As I try to sort out my feelings on a Sunday evening, the body of former Prime Minister Ariel Sharon is lying in state in the Knesset. My wife Resa and I won’t be among the thousands who are lined up there – but we certainly are among the mourners.
Tomorrow, Sharon’s body, accompanied by a full military guard, will be taken to his beloved Sycamore Farm, where he will be buried next to his beloved wife, Lily. The gravesite is on a hillock, an area that in the late winter is blessed with a stunning carpet of wildflowers. And so a prolonged dance with the inevitable has ended – a dance prolonged because of the wishes of his sons and the unwillingness of doctors to be the ones to say: “It is over.”
But now it is over.
Though the name of Ariel Sharon was known to me as one of the "grandchildren" of David Ben Gurion, Israel's first prime minister – those select few who rose to power and prominence because of the patronage of Israel’s founding Prime Minister – first met him after he became Minister of Agriculture and of Settlements in 1977. I was ushered into his offices in a building that in the next few months will be dedicated as the core facility of Israel’s magnificent new Waldorf Astoria Hotel in Jerusalem.
Sharon that day was warm and welcoming as he unfurled his maps. With Sharon, those maps were always present. He described in military detail the nature of Israel’s borders, the changes that took place after the ‘67 War – and why a broad and expansive settlement program was vital in "Judea and Samaria" in order to give Israel the security it needed in the face of a hostile world. Those maps were Sharon’s irrefutable evidence that the territories reaching to the Jordanian border must be occupied and populated by Israelis.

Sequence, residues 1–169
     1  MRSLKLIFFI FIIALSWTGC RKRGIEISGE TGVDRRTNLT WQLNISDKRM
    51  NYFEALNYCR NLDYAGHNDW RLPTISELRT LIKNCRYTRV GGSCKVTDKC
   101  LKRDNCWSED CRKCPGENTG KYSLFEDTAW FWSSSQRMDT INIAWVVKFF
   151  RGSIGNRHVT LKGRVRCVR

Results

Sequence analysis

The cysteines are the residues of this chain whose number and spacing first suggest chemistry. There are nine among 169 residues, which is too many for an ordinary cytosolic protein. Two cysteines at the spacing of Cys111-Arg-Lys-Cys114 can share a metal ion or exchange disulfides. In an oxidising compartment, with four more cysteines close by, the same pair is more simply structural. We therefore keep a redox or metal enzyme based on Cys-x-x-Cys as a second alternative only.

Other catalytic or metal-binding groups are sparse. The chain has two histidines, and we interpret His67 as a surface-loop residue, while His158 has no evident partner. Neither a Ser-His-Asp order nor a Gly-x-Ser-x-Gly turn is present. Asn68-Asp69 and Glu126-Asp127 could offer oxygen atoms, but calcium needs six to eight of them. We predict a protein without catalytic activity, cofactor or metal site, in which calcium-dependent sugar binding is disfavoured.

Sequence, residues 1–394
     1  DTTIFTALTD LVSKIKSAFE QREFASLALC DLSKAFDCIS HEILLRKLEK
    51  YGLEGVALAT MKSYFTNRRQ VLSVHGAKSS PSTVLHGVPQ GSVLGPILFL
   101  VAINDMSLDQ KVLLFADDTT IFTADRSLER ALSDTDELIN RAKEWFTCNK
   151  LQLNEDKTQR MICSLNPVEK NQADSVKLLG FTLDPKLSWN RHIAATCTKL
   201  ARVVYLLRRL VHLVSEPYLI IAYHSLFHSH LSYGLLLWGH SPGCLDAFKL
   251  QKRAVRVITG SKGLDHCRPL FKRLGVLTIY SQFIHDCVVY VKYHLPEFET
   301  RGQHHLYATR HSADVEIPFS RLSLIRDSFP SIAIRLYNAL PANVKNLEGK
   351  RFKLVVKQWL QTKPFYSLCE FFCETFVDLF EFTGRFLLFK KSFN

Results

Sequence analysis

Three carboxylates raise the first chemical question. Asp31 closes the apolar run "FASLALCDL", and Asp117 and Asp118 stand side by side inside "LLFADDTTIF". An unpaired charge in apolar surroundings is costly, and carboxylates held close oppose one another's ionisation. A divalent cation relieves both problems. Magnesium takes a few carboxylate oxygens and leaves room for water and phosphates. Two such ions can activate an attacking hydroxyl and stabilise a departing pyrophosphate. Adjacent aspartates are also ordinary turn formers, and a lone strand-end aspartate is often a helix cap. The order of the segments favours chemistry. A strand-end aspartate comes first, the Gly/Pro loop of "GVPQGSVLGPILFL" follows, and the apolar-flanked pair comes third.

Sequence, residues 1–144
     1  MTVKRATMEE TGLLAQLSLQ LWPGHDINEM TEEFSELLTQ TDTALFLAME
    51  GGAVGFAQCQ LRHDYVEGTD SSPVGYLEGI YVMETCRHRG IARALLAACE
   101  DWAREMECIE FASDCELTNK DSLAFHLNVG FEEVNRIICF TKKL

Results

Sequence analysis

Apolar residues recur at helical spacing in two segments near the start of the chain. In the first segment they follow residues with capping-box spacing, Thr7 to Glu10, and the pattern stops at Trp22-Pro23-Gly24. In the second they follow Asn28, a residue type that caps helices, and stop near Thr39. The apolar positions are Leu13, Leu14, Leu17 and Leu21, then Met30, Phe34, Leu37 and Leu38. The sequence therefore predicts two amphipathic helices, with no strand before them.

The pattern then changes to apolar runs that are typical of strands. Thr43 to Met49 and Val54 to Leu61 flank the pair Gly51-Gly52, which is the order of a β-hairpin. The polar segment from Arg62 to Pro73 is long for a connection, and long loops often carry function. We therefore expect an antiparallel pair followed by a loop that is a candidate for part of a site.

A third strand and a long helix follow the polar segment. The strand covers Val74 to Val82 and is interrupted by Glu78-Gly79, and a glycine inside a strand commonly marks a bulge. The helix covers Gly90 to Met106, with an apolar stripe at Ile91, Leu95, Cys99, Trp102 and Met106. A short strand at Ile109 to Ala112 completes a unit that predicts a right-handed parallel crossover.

I cannot say that such an argument was ever persuasive to me. But his presentation was compelling in its passion and in its detail.
I next met Ariel Sharon in New York, while I was serving as senior rabbi of Central Synagogue in New York City. My attitude toward Sharon had become unabashedly negative following his involvement in the massacre of Palestinians living in the Sabra and Shatilla refugee camps in 1983. I felt that the man was an unindicted murderer, and my attitude was publicly known.
I was quietly approached at an open meeting by a gentleman who said to me that I didn’t really know Arik (the name by which Sharon was sometimes known). He insisted that Arik was a man of profound values and of solid political and military understanding. He literally whispered in my ear that if I was open to learning more, then I would be welcome to visit this gentleman the next day in his Manhattan office.
Curious, I accepted the invitation. I went to the designated address and rode the elevator to the appropriate floor. There was a number on that door, but no name plate. I knocked, and was ushered into a large suite of rooms overlooking Central Park – a suite of rooms with almost no furnishings. As I sat in a wooden chair facing a bare desk, my host (I know his name, but for reasons that will become obvious, I choose not to mention it) excused his associates from the room – and there we spoke.
The details of that conversation are unimportant now. The bottom line is that I promised to issue a formal invitation for Ariel Sharon to address the congregation, with the assurance that he would gladly accept. In my heart of hearts, I felt that I had in fact engineered a tremendous programmatic coup. Sharon would address a large community of people who were overwhelmingly liberal, he would alienate them, and my analysis of Sharon would be even more widely accepted. Win-win.
The large crowd in fact showed up. But Sharon won the day. His presentation was honest, intelligent and passionate. He alluded to Sabra and Shatilla, and argued for his innocence. He was, after all, by then a widely acclaimed military genius who probably had turned the tide in Israel’s favor during the 1973 Yom Kippur War.